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Setting Up My New VHF.

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I have been going through a similar issue myself. I started asking why isn't this working, and by the end of my fault finding I was asking how the hell did this ever work. I started with a micro sized aerial at the top of the mast, went down to a improperly sealed join that was full of water, next stop was the stupid cheap amfm/vhf splitter, and to top it all off the middle core of the plug into the radio hadn't been crimped or soldered in (someone had folded it over itself a few times and shoved it in the back of the plug!).

 

Also FYI pacific aerials don't do custom aerials anymore, I went through hi-tec aerials and they made me a whip aerial with a long enough tail to go straight to the vhf, no joins required :).

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An interesting thread. I repair and do installs for boats when in Marsden Cove and water in the coax is a very common problem, here's a trick to stop it. Leave enough coax at the top of the mast to put a couple of loops in it then connect to your SO259 connector 1/2 wave antenna. If water does get in (sounds like a tooth paste add!), it won't run the full lenght of the coax. Even better, cut the coax and add a SO259 joiner with 2 PL259 plugs about a metre from the antenna in a loop with the joiner at the bottom. Now its easy to replace the water logged coax and water can not get into the rest. Sealing is the trick however. After soldering a plug on, crimp or both, paint nail varnish anywhere where moisture can get in. Screw the plug onto the antenna base and use a liquid sealing rubber paint but I have had excellent success with a product called leakseal from a company called rust-o-lean, comes in a spray can. Spray the plugs and coax as UV eats RG59 after a few years although the shakespear coax seems to survive the best.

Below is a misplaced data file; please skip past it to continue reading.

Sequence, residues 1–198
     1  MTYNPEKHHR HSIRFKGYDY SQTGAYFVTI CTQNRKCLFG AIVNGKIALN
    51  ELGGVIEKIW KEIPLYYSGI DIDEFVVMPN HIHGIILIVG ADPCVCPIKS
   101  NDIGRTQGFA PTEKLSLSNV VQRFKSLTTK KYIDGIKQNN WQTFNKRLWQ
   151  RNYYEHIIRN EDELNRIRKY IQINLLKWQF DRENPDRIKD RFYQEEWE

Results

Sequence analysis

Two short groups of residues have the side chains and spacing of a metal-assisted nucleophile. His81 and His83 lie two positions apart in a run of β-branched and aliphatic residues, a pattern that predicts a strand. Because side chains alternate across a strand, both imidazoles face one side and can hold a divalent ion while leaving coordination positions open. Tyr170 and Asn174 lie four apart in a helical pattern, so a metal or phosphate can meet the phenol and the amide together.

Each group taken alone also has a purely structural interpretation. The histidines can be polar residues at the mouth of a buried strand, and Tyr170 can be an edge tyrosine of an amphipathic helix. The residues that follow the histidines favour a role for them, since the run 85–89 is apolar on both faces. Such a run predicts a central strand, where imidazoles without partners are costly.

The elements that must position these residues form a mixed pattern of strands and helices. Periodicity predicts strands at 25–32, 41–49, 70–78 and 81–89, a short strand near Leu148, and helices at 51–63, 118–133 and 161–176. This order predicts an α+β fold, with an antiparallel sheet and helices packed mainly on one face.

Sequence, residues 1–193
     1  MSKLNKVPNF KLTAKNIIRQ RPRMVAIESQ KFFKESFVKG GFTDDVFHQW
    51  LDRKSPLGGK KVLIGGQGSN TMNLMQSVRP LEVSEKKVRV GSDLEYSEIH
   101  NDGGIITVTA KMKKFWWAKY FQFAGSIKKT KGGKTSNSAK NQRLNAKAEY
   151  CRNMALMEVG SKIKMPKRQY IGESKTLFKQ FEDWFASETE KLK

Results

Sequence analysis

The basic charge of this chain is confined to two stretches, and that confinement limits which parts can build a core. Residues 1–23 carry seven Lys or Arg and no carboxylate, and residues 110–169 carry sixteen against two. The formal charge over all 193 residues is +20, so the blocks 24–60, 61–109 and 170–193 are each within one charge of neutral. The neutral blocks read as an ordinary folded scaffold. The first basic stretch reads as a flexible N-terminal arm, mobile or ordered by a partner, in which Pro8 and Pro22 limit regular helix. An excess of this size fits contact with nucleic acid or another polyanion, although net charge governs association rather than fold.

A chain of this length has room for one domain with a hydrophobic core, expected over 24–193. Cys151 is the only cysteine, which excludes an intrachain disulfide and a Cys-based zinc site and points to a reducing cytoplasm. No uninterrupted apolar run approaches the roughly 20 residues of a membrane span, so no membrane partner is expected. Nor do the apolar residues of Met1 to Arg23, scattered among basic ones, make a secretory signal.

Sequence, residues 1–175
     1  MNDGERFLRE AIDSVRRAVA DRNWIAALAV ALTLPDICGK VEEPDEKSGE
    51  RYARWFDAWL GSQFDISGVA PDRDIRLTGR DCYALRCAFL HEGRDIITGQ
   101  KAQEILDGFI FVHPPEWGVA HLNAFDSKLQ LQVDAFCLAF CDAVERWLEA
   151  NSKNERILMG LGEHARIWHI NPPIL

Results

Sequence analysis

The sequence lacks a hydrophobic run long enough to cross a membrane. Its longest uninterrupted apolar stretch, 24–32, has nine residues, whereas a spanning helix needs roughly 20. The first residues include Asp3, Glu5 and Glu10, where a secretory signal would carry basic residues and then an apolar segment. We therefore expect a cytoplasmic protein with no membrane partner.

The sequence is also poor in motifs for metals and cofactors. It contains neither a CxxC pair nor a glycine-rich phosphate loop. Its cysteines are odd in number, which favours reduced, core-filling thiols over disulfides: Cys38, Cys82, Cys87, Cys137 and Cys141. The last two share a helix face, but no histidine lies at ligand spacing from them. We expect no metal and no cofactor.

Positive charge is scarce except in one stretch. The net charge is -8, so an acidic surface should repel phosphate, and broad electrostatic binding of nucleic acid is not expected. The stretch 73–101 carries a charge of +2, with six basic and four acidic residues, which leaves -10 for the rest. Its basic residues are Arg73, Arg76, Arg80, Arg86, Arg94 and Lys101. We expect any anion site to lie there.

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Just a foot note..my own personal experience is that radio use when at sea is minimal (when healing over on the rare occasions the wind is not on the nose!) compared to under power approaching or leaving port. Mast mounted antennas are usually a 1/2 wave or small 1/4 wave which have no "gain" (most of the energy goes up into space) which is ideal when healed over but for distance, not that good. A base loaded 5/8 mounted on a transom will generally out do a "unity gain" antenna, is easy to get to for maintenance and the lower height isnt an issue.

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Our antena sits inside clipped on the cieling, works good in the harbour. We bring it outside and tempoaraily tape it onto the side stay if we go further out to sea. One day we might have IAS if it can plot to a cheap tablet or mobile phone somehow.

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